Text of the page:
A Thiem

Universitätsklinikum Schleswig - Holstein, Kiel, Schleswig-Holstein, Germany

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Publications (4)1.21 Total impact

  • A Thiem, T Attmann, J Cremer
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    ABSTRACT: Coronary artery bypass grafting (CABG), a modern and safe procedure, is considered the therapy of choice in the care of patients with multi-vessel disease. The 3-year results of the SYNTAX trial not only showed surgical advantages in terms of repeat revascularisation, but the results also demonstrated significant surgical benefit for myocardial infarction and survival rates. More differentiated analyses showed distinct disadvantages in percutaneous coronary intervention (PCI) associated with the greater complexity of coronary pathology. PCI tends to be a comparable therapeutic option only in certain cases of left main stem lesions or multi-vessel disease. The findings from the SYNTAX study herald a new era in the treatment of coronary heart disease in which, as recommended in the updated guidelines issued by the EACTS/ESC in 2010, the interventionalist and the surgeon, working closely together as a"heart team", provide a sound therapy plan for affected patients.
    Herz 12/2011; 36(8):669-76. · 0.78 Impact Factor
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    ABSTRACT: Minimally invasive direct coronary artery bypass grafting (MIDCAB) offers arterial revascularization of the left anterior descending coronary artery especially in lesions unsuitable for percutaneous coronary interventions. By avoidance of sternotomy and cardiopulmonary bypass its invasivity is less than that of conventional bypass surgery. A literature search of all published minimal invasive direct coronary artery bypass grafting studies was performed for the period from January 1995 through November 2011. Additionally, the authors reviewed their experience in more than one thousand patients treated by minimal invasive direct coronary artery bypass grafting within the last 14 years at their institution. Early mortally ranged from 1.2 to 1.3%. Midterm mortality ranged up to 3.2%. At 6-month follow up 3.6% grafts were occluded and 7.2% had a significant stenosis which resulted in target vessel revascularization in 3.3% of cases. The conversion rate to sternotomy or cardiopulmonary bypass ranged between 1.2 and 6.2%. In the past MIDCAB was predominantly used in patients with isolated lesions of the left anterior descending coronary artery. In combination with percutaneous interventions it provides an attractive option for full revascularization in multi vessel disease especially in older patients with significant comorbidities. Overall minimal invasive direct coronary artery bypass grafting is associated with few perioperative complications and with high graft patency rates in the mid-term and long-term course.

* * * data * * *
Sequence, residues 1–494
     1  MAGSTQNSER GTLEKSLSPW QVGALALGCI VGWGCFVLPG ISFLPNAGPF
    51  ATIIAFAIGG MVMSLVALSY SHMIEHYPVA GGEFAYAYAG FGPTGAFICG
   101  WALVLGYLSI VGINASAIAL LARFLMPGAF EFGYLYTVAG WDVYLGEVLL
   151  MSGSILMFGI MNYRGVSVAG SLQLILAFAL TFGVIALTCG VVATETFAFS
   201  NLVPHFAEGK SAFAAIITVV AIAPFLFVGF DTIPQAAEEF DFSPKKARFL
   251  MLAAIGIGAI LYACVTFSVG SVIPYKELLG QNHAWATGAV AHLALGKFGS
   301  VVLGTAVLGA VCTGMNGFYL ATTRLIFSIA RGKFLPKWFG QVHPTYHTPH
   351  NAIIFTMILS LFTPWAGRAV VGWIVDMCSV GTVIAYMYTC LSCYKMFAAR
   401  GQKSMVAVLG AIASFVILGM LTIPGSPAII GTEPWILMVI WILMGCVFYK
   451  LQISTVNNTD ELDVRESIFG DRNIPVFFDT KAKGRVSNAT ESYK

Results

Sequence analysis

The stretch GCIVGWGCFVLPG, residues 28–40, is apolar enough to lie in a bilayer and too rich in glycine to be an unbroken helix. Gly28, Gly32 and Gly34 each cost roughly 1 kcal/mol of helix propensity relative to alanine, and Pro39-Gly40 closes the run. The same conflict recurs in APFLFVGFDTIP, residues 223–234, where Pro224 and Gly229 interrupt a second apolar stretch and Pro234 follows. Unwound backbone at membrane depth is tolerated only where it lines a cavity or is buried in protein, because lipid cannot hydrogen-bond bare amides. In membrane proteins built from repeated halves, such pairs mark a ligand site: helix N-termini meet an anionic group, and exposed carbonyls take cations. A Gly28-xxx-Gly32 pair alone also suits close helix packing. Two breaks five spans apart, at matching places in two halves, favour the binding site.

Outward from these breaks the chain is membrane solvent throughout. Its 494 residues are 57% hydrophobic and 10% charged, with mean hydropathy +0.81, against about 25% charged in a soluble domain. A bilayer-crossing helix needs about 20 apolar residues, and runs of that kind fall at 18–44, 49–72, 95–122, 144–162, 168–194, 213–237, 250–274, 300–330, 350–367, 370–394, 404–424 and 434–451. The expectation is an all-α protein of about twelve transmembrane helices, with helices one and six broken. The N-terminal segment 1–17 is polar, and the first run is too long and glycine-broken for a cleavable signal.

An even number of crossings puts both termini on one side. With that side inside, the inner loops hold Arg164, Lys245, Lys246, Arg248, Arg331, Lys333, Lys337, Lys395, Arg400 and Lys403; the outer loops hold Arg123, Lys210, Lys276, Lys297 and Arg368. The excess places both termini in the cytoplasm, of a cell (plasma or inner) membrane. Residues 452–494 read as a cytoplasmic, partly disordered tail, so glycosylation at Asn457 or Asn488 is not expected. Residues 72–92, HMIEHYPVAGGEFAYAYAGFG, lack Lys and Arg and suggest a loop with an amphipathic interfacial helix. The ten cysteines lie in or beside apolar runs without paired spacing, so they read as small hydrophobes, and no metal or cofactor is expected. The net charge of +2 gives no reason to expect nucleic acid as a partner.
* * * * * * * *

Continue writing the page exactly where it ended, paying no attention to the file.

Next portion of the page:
HSR proceedings in intensive care & cardiovascular anesthesia. 01/2011; 3(4):249-53.
  • Thoracic and Cardiovascular Surgeon - THORAC CARDIOVASC SURG. 01/2007; 55.
  • A Thiem, J Cremer, G Lutter
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    ABSTRACT: Percutaneous treatment of valve diseases has proven to be an effective alternative to open surgery since the early 1980's. For most patients with rheumatic mitral stenosis, use of percutaneous catheter-based techniques as balloon valvuloplasty for the treatment of both congenital pulmonary stenosis as well as trans-septal commissurotomy has become a good therapeutic option. Furthermore in the mid 1990's in vitro studies demonstrated the feasibility of percutaneous catheter-based valve implantation first in pulmonary and subsequently in aortic position. Afterwards initial in vivo implantations were successfully undertaken. Limitations of this new branch of transcatheter-based techniques are: risk of embolization due to pre-dilatation; difficult deployment; migration of valved stent; paravalvular leakage and limited durability of the implanted valve. Hence, many advances and improvements are necessary prior to pronouncing a new real alternative and safe therapeutic option. Up to now the gold standard for the treatment of heart valve disease is still open surgical valve repair and replacement. Percutaneous valve replacement procedures offer substantial advantages both to patients and medical care providers. From a medical point of view, they may help reduce surgical risks, offer a less invasive procedure, lower complication rates and shorten rehabilitation times in future. From an economic standpoint, shorter hospital stays result in overall cost reduction.
    Minerva cardioangiologica 03/2006; 54(1):23-30. · 0.43 Impact Factor

Publication Stats

1 Citation
1.21 Total Impact Points

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Institutions

  • 2011
    • Universitätsklinikum Schleswig - Holstein
      • Klinik für Herz- und Gefäßchirurgie (Kiel)
      Kiel, Schleswig-Holstein, Germany
  • 2006
    • Christian-Albrechts-Universität zu Kiel
      Kiel, Schleswig-Holstein, Germany